I grew up in the age of margarine. Cheaper than butter and touted as healthier, there were always sticks of margarine in the refrigerator for baking and tubs of spread for bread. It never really tasted that good to me, so I would eat my bread dry. When I started paying more attention to food, I learned about how bad hydrogenated vegetable oils are for you, and I switched to butter. Wow, what a difference! How did humans ever think they could improve on this traditional food?
Luckily, butter is one of those products we can get in Alaska… sort of. Well, we have one producer, Matanuska Creamery, who makes butter, but the demand and profit margin for ice cream in the summer is much better than butter, so all available cream goes toward making ice cream. So, Matt and I signed up for a cow-milk and cream share, since goat milk doesn’t separate out naturally. For $5, we can get a half-gallon of milk and a pint of cream per week. Great!
With our first pint of cream I used the “blender method” as described in the Joy of Cooking. A bit messy, and the buttermilk gets watered down making it less usable. For the second pint, I tried the “shake jar” method. Basically, shake the jar until it turns into butter. It works, but my arm was sore and it took a long time!
The other thing I noticed was that a pint of cream didn’t really make enough butter to get us through the week. It was enough for cooking and for our bread, but if I wanted to do any baking, there wasn’t enough. I never really realized how much butter we used because I would always stock up when the organic butter was on sale. Also, I was suddenly enjoying having fresh cream available. We made ice cream, luscious sauces, soups, desserts… a new world was opened up! So, we decided to order a gallon of cream from the Matanuska Creamery (somehow, this was still available.)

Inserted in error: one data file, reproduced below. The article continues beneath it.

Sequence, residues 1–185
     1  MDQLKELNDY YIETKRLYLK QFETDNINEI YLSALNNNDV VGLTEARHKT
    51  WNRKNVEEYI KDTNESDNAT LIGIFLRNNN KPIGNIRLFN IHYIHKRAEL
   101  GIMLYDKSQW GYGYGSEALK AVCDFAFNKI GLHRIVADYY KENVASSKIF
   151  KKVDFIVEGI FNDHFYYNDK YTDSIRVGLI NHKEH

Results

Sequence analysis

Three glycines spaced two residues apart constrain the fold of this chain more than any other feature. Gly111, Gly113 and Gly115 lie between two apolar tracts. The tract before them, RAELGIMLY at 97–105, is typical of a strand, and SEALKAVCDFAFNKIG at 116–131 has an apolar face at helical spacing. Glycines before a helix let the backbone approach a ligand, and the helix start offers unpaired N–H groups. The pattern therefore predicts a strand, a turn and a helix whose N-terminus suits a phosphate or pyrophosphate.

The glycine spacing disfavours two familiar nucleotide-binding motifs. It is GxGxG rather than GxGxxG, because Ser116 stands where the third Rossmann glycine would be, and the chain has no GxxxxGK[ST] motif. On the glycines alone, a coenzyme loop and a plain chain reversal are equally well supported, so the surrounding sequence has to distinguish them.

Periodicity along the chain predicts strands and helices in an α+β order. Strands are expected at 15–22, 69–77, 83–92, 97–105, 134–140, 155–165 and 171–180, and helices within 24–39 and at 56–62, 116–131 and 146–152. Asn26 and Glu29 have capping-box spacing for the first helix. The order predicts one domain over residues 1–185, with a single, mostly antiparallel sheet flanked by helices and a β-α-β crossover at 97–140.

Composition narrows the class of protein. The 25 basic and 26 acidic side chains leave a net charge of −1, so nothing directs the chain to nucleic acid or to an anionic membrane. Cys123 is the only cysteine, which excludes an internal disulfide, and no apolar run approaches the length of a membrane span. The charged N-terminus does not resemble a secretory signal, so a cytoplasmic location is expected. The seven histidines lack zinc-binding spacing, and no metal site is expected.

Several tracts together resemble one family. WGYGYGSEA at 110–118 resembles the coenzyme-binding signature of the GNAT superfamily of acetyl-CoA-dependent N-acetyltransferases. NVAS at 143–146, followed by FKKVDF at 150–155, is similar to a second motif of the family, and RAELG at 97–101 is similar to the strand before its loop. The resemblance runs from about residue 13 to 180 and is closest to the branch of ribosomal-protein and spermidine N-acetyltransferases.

Fantastic. How many times will I have to shake a jar to turn a gallon of cream into butter? Too many. Especially when you fill the jar too full and the cream expands and there is no room for the cream to shake in the jar. And, as I learned, when your cream is too cold, it won’t turn until the heat of your hands has warmed it up to at least 52 degrees. So, I got out the food processer, put my slightly whipped cream in (keeping a little out for my blueberries..yum!), and turned it on. Less than a minute later, it turned into butter. Excellent! Well, as it turns out, that is the easy part. After you pour off the buttermilk, you must wash the rest of the buttermilk out of the butter with water because the buttermilk will cause the butter to spoil faster and give it an off-taste. So, you put water into the food processor, turn it on, turn it off, pour off the water, and repeat 10 times! Finally, when the water you pour off is more of less clear, you put the butter into a bowl and press the rest of the water out of it. Whew!! Then you put more cream in the food processer and start all over again.
By the time I had all the butter salted and wrapped up in the refrigerator or freezer, I had a new appreciation for butter. It seems like such a simple substance when you buy it in the store. I had no idea of the whole process that goes into making it. But we got really fresh, tasty butter. And buttermilk. Lighter and fresher than the buttermilk you buy in the store because it hasn’t been cultured, it is delicious to drink and fantastic for baking!!